But these are all just by-products of living in sleep mode.

Some stuff I noticed this morning;

First, a young man driving what seemed like his dad’s car for the first time. He was nervous and there were drivers swerving past him and beeping with expressions that I can only describe as absolute hatred. His face was bright red and he was doing everything he could to keep focussed on the road without letting these people take away what little confidence he had left. He was only going 15 mph and seemed unsure of which exit he needed. I was right behind him on a roundabout and it took a little longer to get to my exit but that’s fine because in that moment I decided to shed the illusion of the rush we find ourselves in.

Second, Luis who works in Halfords. I went in for new windscreen wipers this morning and had no idea where to start and he politely came over to offer to help. His manager seemed pretty wound up looking over him as he found his way around the computer system confused about which wipers were the ones I needed.

But I was in no rush.

He got it wrong 3 times but we got there, he was taking his time to ensure he did it right. Filled with a very kind presence and genuine desire to do a great job, Luis ran outside to fit the wipers and make sure they worked for me before putting them through for payment. His colleague seemed a little frustrated that he was taking ‘too long’ without seeing that I was actually a happy customer.

Third, a man whose energy felt like his soul had been stripped of all happiness who tapped on my window. It was at a set of traffic lights and something stopped me from winding down, something that I’m now reflecting on and why I’m writing this post.

He was handing out what looked like some discount flyers for a garage across the road. I was the first car in the queue. He tapped. I looked like a rabbit in headlights and blankly shook my head. Before I could think twice he moved on. I looked in my side mirror and he did the same to every car behind me, zig-zagging across from car to car. Every single person either shook their head or shooed him away.

It was the longest 55 seconds ever.

He resumed his spot standing next to my car under the traffic lights waiting for the next batch of cars with the same number of flyers as before. His head was slanted down as if embarrassed in front of all the people that just rejected him. For some reason I noticed his footwear, the lines in his forehead, the way his hands clasped onto the flyers, the design on the cap he was wearing and I imagined him getting ready for his day wondering how many people would give him 5 seconds to speak versus how many would totally blank him and shut him out and I felt a real pang of guilt that I didn’t let him in. I honestly felt like crying and getting out of the car and handing out flyers with him.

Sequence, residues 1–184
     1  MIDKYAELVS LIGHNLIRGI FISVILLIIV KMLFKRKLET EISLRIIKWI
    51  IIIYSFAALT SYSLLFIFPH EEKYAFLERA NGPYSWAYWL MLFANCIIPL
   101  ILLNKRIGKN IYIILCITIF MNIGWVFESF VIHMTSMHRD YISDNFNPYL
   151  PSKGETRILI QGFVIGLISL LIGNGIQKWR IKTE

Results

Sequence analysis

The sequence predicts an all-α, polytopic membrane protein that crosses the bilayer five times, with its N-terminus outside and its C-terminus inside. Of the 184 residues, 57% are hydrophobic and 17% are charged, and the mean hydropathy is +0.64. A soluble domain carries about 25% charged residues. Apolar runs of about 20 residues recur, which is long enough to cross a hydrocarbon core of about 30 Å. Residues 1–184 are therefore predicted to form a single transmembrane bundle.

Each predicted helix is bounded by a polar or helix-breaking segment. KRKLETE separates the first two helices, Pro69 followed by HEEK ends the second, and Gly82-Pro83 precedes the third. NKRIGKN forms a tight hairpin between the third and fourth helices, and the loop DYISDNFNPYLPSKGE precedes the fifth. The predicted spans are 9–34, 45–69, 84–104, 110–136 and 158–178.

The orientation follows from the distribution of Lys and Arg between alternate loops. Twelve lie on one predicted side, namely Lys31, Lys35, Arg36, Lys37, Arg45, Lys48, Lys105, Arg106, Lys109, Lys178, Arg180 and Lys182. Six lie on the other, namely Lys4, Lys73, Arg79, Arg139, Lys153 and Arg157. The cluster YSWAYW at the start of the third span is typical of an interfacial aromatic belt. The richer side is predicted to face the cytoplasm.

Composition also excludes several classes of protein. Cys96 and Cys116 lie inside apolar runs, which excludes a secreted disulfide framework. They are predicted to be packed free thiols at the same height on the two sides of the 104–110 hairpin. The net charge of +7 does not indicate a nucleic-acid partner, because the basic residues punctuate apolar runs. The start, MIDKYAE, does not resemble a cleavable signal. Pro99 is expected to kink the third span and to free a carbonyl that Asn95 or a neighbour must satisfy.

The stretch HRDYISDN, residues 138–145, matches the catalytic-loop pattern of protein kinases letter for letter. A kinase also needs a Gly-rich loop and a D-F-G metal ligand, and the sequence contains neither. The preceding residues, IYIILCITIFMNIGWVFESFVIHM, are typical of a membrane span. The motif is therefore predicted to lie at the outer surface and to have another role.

I firmly believe that everyone is the same which is why it was wrong of me not to bring my window down and let him at least tell me what his flyers were and see if I would be interested before telling him no.

When did we get so impatient? When did we lose our understanding and compassion for others? When did we fall asleep?

These short incidents seem very insignificant but it’s amazing how much more we can take from a simple morning out and about if we’re awake to ourselves, our actions and the feelings of others. When we’re asleep we’re just rushing around ignoring everyone and everything and making ourselves the centre of all our small decisions and actions. I believe that happiness is found within ourselves and can only be gained through being kind to others, always.

My favourite quote to remind me of all of this is;

‘Be kind, or be quiet’.

This quote is about more than the words we chose to speak, but it’s also about our body language and the thoughts we chose to manifest that affect the energy we give off to others. Even a huff in a queue can be damaging to the energy and the people around us (including ourselves). I have come to find that it’s a much nicer experience to give someone a reassuring smile that we know they’re doing their best and just wait to be seen or wait in line, than to get ourselves totally wound up. Many people don’t agree with me but we literally make our own drama and ruin our own day through letting things get to us that needn’t.

If you want to wake up but are struggling with a sleep coma then you might find the following really useful, as I did.

This quote has been taken from Timber Hawkeye who writes for Buddhist Boot Camp and I think it sums up what I’m trying to get across really well.

“Serenity” means calm, peaceful, tranquil and untroubled. When our minds are serene (like the ocean water in Hawaii, where we can see straight to the bottom), we can see straight to the truth of everything without the judging or discriminating opinions that cloud our vision.

Once we can see reality that clearly, we can accept the things we cannot change, feel encouraged to change the things we can, and have the wisdom to know the difference

Start by eliminating the very things that trouble you (here’s a clue: it’s your own thoughts and opinions), and then you too can be calm, peaceful and tranquil. You’ll float peacefully on top of even the largest waves that life is sure to bring, naturally accepting old age, sickness, and even death.

I really recommend you press like on Buddhist Boot Camp’s Facebook page, I always find Timbers’ posts really inspiring and interesting. https://www.facebook.com/buddhistbootcamp

Positively Perceived Critics

Jade Tambini 18th October 2014

A good friend and I were recently reminiscing about an evening class we took together when we were teenagers. Out of the blue, she told me that the others in the group found me to be irritating and over-bearing, even though I had enjoyed being their friend and classmate blissfully none the wiser.